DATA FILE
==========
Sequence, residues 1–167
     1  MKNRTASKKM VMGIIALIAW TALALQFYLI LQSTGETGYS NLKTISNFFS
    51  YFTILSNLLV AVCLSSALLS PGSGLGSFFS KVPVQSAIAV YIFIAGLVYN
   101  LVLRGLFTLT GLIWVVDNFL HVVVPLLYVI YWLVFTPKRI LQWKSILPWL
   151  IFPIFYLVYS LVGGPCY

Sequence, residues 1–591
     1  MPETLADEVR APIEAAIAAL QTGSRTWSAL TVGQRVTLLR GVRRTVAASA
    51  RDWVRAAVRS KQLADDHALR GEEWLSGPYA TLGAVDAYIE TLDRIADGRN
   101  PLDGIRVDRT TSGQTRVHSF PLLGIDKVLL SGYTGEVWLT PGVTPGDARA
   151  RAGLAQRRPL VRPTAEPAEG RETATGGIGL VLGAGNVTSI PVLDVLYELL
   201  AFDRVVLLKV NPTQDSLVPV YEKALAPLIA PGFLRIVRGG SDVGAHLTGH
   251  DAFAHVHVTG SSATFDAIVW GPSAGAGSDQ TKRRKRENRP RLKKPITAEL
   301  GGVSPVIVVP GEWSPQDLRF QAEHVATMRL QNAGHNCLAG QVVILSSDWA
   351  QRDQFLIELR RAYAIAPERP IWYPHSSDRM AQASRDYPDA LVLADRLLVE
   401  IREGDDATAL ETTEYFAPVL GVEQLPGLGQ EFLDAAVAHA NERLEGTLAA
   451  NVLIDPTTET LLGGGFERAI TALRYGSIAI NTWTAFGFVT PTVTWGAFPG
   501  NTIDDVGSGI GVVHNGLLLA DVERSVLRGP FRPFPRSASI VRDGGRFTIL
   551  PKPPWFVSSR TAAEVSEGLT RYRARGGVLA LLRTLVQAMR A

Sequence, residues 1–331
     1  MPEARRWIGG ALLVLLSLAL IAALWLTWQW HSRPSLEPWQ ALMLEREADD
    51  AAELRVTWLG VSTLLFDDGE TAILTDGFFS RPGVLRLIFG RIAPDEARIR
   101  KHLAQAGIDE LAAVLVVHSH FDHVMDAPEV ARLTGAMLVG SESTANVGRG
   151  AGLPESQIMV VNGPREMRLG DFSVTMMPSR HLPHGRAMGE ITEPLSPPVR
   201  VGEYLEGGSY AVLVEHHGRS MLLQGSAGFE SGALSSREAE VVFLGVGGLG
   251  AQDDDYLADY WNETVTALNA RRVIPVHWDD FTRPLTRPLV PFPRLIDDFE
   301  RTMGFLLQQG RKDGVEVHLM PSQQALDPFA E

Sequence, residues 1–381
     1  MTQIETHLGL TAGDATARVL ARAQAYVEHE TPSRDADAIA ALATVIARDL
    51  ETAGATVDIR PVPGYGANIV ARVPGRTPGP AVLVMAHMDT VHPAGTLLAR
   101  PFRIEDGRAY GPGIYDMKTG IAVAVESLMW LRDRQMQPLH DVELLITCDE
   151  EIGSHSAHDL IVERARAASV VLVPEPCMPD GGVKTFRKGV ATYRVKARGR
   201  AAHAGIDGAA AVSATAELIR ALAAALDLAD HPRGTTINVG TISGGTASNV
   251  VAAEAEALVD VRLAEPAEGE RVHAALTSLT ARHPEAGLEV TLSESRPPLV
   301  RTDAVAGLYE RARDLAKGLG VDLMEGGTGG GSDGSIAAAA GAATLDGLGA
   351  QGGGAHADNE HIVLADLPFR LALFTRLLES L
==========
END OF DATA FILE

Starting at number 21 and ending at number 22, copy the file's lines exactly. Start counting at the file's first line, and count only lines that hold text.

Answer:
    51  AAELRVTWLG VSTLLFDDGE TAILTDGFFS RPGVLRLIFG RIAPDEARIR
   101  KHLAQAGIDE LAAVLVVHSH FDHVMDAPEV ARLTGAMLVG SESTANVGRG